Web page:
2015 Archives - Page 3 of 24 - Can't Stop the Movies
Can't Stop the Movies
1Mar/160

Trumbo (2015)

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With the Red Scare in full swing, Donald Trumbo, prominent screenwriter, and his Communist allies stage careful protests arguing for their First Amendment rights.  But as the public sways more against their favor, Trumbo has to abandon his public life to serve Hollywood from a less conspicuous perch.  Jay Roach directs Trumbo from a screenplay written by John McNamara and stars Bryan Cranston.

Unintimidated by the suitsTrumbo's director, Jay Roach, has as nondescript a style as they come in Hollywood.  Roach began his career directing Mike Myers as Austin Powers in all three of the Powers films, then transitioned to making lightweight political films like Recount and Game Change.  If his movies were bad, he'd have the same reputation as Brett Ratner.  But since they're frequently ok, or hinge entirely on the appeal of his stars, he's mostly existed on the sidelines of Hollywood.

As someone who already has to remind himself what movies Roach has done, Trumbo will do little to make his name or style a sticking point in my memory.  Trumbo is as bland and unoriginal as biopics come.  It also had the unfortunate timing to be released about the same time as Bridge of Spies which, while Bridge was just a decent flick, showed creative flair incorporating Cold War criticism into American and Soviet propaganda.

27Feb/160

Clenching the Nomination – Room

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Andrew discusses the scene in Lenny Abrahamson's Room that he thinks secured the film's Best Picture nomination. You can check out all of our overall guesses on the major Oscar categories for 2016 here.

Clenching RoomWith all due credit to the technical mastery of Mad Max: Fury Road and The Revenant, neither of those films is my favorite of the Best Picture nominees.  That honor goes to Room, which is not only my favorite, but the only one which I love from top to bottom.  Room convinced me director Lenny Abrahamson is some kind of whimsical genius.  He goes into a realm of fantasy Tim Burton used to specialize in, but Abrahamson's films defy easy labels like Burton's suburban gothic aesthetic.  In both Room and Frank, catharsis doesn't come easy, and there are no spirits who can be stirred to help the protagonists.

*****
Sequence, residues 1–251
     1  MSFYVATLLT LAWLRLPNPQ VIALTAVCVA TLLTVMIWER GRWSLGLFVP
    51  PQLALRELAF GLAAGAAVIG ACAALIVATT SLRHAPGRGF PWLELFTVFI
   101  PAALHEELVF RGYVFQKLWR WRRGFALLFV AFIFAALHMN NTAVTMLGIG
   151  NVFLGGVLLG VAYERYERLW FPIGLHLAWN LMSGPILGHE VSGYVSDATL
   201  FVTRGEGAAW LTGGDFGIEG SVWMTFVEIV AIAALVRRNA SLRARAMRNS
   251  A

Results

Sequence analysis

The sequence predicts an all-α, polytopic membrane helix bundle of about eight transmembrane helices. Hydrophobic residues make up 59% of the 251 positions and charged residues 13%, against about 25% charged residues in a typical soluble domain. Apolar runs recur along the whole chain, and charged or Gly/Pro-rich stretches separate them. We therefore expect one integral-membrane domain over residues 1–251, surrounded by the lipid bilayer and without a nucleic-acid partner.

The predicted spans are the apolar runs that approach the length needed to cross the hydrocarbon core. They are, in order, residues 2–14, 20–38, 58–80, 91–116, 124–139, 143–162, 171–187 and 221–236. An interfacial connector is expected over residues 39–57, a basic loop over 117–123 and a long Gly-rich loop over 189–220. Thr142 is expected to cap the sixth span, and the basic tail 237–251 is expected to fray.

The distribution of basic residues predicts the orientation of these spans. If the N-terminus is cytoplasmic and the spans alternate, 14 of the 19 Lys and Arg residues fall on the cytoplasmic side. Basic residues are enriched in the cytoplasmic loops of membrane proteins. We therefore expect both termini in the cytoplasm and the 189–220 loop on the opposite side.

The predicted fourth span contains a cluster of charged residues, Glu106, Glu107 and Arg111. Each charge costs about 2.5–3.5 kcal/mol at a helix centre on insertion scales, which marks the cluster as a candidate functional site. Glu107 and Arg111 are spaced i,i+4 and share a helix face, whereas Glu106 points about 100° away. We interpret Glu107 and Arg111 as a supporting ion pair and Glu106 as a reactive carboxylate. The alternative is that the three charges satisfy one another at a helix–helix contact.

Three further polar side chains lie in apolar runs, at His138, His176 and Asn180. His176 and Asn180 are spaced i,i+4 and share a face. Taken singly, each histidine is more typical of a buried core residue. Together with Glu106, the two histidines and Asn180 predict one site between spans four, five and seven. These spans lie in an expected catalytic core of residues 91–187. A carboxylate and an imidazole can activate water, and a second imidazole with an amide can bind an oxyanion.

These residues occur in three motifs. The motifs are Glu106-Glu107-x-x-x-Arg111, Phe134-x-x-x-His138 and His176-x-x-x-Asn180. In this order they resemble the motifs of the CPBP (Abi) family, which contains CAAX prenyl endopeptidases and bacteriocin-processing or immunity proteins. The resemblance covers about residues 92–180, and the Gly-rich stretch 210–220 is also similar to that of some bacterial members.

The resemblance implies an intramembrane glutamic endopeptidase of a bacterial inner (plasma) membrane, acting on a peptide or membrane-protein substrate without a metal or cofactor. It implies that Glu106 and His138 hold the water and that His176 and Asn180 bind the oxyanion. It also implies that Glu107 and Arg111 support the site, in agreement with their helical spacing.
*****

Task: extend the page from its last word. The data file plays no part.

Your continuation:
The only way out is in.  With Frank, that means letting the titular musician reclaim his spot as the leader of his crew of misfits.  For Room, that means telling the truth as another fable.  Joy Newsome (Brie Larson) has been telling stories to her son Jack (Jacob Tremblay) ever since he was born.  The television, faucet, stove, window - all aspects of the room they live in have a history.  Joy creates an origin fable which explains how she and Jack came to be in Room, how the angel came through the window and put Jack in mommy's tummy, and we see that these tales she spun for Jack are how she kept her sanity in this prison.

26Feb/160

Clenching the Nomination – Spotlight

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Andrew discusses the scene in Tom McCarthy's Spotlight that he thinks secured the film's Best Picture nomination. You can check out all of our overall guesses on the major Oscar categories for 2016 here.

Clenching SpotlightThe emotional peak of Tom McCarthy's movies don't involve a lot of dialogue.  In The Station Agent it comes from indistinct muttering and stares, The Visitor peaked with passionate drum music and no words, and Win Win's came from silent comfort offered in a locker room.  This remains true in Spotlight, where the full ethical and emotional weight of the reporting team's investigation into the Catholic Church comes bearing down on the reporters.